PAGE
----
Going on at The Faerie Review November 17

Review: Eye of the Beholder
Review: Catch Lili Too
Review: The Coconut Girl

Previews below!


Eye of the Beholder by Thomas Grant Bruso

5 out of 5: Eye of the Beholder is chilling.
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In the middle of a psychic session with Madame Petri, David hears a ghostly voice calling his name. But he is not sure if it’s the elderly fortuneteller exaggerating the reading or bizarre grumblings coming from a mysterious old man in a painting hanging in the psychic’s foyer.
When Madame Petri disappears in a ball of flames, David rushes home, terrified. From that moment on, David and his policeman boyfriend, Zane, find themselves trying to solve the series of murders and mayhem that begin to haunt David.

Catch Lili Too by Sophie Whittemore

5 out of 5: Catch Lili Too is irreverent, amusing, and captivating.
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Lili is a Mesopotamian siren, and life as an immortal being is hard enough as it is. She’s asexual (which is incredibly difficult to reconcile if your entire point as a mythical being is to seduce people to death). She’s also struggling with depression from being alive for so long.
Lili is an absolutely shoddy improv-detective trying to track down a serial killer so ruthless that it makes even her murderous soul uneasy. However, there’s something larger at work than just one serial killer. A small town is hiding an even deadlier, global-scale secret. Forget Area 51 conspiracies. This one beats them all. With magic.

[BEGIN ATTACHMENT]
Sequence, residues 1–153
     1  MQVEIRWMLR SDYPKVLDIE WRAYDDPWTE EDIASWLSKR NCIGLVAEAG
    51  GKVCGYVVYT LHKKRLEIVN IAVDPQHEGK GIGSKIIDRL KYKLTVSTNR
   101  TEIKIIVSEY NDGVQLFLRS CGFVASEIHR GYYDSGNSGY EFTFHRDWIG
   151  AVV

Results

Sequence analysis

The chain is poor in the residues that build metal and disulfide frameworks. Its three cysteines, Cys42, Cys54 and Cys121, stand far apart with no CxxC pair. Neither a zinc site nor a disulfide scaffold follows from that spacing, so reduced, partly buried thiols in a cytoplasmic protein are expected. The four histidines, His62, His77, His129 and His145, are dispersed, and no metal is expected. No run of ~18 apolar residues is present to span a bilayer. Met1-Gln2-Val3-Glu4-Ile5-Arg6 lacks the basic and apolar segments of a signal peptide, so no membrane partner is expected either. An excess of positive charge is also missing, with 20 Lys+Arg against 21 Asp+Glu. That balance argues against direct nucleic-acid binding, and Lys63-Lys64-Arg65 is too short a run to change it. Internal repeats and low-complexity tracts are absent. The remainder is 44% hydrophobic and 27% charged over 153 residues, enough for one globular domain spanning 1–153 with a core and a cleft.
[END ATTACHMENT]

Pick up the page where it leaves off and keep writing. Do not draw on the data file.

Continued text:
So, what better way to spice up her eternal life than being hired as a vigilante detective to stop a serial killer? Anything, literally anything. She’d trade her left lung to get out of this. Or, perhaps, somebody else’s.

The Coconut Girl by Sunita Thind

4 out of 5: The Coconut Girl will tug at your heart strings.
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The Coconut Girl is a collection of poems containing material that is from the Indian, female point of view with an insight into Punjabi culture. We also follow the author through the hallucinogenic state of the brain following cancer treatment, and in her experience of life in multicultural Britain.
The protagonist in the poems is at the same time deeply vulnerable and strongly independent. Overall her strength of character shines through.
The Coconut Girl features poetry of deep imagery, not least in some of the poems exploring the experience of the female body post-operatively, such as in My Womb Is A Park Of Carnage.